Graphics chip company NVIDIA (NASDAQ:NVDA) is set to report its second-quarter results after market close on Aug. 6. With the PC market slumping during the second quarter, analysts are expecting both revenue and earnings to decline, in line with the company's previously announced guidance.
While the numbers likely won't be pretty, NVIDIA's strong gaming business and growing enterprise business should shield it somewhat from weakness in the PC market. Here's what investors should look for when NVIDIA reports its second-quarter earnings.
What analysts are expecting
Analysts expect NVIDIA to report revenue of $1.01 billion, an 8.4% year-over-year decline. Weakness in the PC market in the lead-up to Windows 10, along with the continued strength of the U.S. dollar, are the main drivers behind this expected decline. During the first quarter, NVIDIA's OEM and IP business, which includes sales to OEMs and royalty payments, declined by 38% year over year, and an even larger decline is likely during the second quarter.
Analysts also expect NVIDIA's earnings to decline. The average analyst estimate calls for EPS of $0.10, down from $0.22 in the same period last year. The range of analyst estimates is wide, however, with a low estimate of a loss of $0.09, and a high estimate of $0.14. Given the weak PC market and currency effects, combined with the stronger parts of NVIDIA's business, it's clear that analysts aren't confident about how earnings will ultimately be affected.
The gaming business is key
While NVIDIA's total revenue will decline along with the PC market, the gaming PC market is not suffering the same decline. During the first quarter, while NVIDIA's total revenue increased by 4% year over year, gaming revenue rose by 25%, accounting for about half of the total. Gaming revenue includes GPUs, as well as gaming devices like the SHIELD Android TV console.
NVIDIA's second quarter runs through July 26, which means that it will include the launch of new graphics cards from rival Advanced Micro Devices. Unlike AMD's previous generation of GPUs, the Radeon 200 series, which disrupted the market and forced NVIDIA to slash prices, AMD's new flagship card fell short of NVIDIA's high-end GTX 980 Ti. AMD caught up to NVIDIA in terms of performance, but it failed to leapfrog its competitor.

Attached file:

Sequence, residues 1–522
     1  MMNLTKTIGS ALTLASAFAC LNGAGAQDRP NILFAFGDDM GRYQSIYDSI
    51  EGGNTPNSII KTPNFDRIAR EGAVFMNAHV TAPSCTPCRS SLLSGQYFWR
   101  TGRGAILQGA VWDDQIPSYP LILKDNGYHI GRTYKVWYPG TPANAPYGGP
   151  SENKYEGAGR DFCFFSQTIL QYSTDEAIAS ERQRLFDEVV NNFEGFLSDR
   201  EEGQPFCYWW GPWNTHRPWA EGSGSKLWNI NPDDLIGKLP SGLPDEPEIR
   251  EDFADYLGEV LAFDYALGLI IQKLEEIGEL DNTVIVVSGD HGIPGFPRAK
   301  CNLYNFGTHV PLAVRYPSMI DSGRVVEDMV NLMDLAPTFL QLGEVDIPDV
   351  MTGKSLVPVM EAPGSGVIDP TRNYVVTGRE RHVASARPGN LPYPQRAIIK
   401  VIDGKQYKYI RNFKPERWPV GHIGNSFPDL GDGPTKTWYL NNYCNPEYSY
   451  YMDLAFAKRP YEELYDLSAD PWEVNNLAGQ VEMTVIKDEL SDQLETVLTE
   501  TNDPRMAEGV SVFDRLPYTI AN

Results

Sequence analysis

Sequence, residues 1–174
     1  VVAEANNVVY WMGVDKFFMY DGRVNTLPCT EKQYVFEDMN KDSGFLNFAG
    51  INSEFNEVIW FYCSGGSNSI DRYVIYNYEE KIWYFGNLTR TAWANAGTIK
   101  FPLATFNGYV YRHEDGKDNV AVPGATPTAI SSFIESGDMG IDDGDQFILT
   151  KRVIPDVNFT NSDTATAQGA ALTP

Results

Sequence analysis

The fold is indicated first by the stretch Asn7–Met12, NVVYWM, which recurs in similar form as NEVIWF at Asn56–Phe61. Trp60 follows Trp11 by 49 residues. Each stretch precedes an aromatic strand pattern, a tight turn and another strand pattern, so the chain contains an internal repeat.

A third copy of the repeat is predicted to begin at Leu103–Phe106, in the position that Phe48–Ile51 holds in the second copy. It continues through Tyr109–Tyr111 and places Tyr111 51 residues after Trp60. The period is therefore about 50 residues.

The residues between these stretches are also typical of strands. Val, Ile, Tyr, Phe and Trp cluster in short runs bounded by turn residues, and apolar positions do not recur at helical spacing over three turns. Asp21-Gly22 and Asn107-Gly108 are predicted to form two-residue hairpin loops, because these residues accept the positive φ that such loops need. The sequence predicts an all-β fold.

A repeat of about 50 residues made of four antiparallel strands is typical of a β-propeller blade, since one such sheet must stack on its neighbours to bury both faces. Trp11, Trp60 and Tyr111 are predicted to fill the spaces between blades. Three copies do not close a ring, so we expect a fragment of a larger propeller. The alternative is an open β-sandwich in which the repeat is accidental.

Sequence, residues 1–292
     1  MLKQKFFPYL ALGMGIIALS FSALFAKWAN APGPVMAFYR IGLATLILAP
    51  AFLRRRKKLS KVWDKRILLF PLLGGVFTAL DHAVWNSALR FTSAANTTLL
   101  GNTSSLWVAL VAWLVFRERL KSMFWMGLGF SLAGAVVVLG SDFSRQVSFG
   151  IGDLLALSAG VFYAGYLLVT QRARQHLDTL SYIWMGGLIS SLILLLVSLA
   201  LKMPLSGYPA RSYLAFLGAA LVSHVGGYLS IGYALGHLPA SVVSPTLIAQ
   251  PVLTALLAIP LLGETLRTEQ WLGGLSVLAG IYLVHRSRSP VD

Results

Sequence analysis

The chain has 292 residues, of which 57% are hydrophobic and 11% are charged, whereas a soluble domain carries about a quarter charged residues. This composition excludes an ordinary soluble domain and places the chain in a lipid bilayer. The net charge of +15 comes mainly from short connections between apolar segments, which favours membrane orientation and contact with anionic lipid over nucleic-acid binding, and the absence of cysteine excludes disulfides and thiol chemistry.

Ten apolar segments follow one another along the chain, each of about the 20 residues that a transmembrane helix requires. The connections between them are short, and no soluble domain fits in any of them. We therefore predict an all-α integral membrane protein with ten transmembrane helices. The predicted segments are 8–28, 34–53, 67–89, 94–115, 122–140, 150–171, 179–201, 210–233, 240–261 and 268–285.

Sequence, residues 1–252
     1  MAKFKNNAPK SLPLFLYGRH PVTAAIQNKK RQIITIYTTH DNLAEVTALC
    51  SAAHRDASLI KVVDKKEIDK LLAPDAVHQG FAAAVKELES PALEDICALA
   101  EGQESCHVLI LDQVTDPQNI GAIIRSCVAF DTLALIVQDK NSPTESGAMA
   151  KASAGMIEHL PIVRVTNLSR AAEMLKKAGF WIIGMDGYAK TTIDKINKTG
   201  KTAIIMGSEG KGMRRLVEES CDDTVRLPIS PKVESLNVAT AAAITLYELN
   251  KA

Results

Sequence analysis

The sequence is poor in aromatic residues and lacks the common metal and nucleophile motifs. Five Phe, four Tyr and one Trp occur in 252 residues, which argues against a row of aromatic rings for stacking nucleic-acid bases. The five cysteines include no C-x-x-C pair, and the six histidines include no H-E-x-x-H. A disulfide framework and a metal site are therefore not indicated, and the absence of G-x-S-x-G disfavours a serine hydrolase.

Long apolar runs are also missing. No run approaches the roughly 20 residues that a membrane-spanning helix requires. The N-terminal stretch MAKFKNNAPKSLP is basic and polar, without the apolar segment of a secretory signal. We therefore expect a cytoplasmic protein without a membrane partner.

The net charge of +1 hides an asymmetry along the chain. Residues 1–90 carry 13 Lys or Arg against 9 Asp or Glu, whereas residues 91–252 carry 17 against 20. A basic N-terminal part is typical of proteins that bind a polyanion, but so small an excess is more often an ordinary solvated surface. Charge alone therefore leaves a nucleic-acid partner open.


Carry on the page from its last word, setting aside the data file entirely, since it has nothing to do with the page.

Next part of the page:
While NVIDIA's OEM business will suffer during the second quarter, investors should keep a close eye on the growth rate of the gaming business. This will also give some insight into sales of AMD's new graphics cards, which are reportedly suffering from some supply constraints. Along with GPUs, investors should look for management to discuss the SHIELD console, which launched earlier this year. Reviews for the device have been largely positive, and it represents NVIDIA's continuing attempt to turn Android into a serious gaming platform.
Enterprise and auto growth
While gaming is the most important part of NVIDIA's business, its enterprise products have been growing rapidly. HPC and cloud revenue grew by 57% year over year during the first quarter, to $79 million, with strong demand for NVIDIA's Tesla GPUs driving the growth.
NVIDIA's graphics virtualization platform, GRID, has also been gaining traction, with more than 250 enterprise customers with production deployments at the end of the first quarter, up from just 30 one year prior. Automotive revenue is also growing fast, up 121% year over year during the first quarter, totaling $77 million.
While NVIDIA is still highly dependent on the PC, the company is actively diversifying. Investors should expect continued growth in these fast-growing businesses during the second quarter, which should help balance some of the weakness in the OEM business.
Look past the falling revenue
NVIDIA is in a much stronger position than many other companies dependent on the PC. The company's main business is gaming, and the gaming PC market is performing far better than the PC market as a whole.
The second quarter won't be great for NVIDIA; revenue and earnings will almost certainly decline significantly. But the PC market will eventually stabilize, and currency issues will eventually subside.
Meanwhile, NVIDIA's gaming and enterprise businesses should continue to grow. While revenue declines are never a good thing, investors needn't be too concerned about NVIDIA.
Timothy Green owns shares of Nvidia. The Motley Fool recommends Nvidia. Try any of our Foolish newsletter services free for 30 days. We Fools may not all hold the same opinions, but we all believe that considering a diverse range of insights makes us better investors. The Motley Fool has a disclosure policy.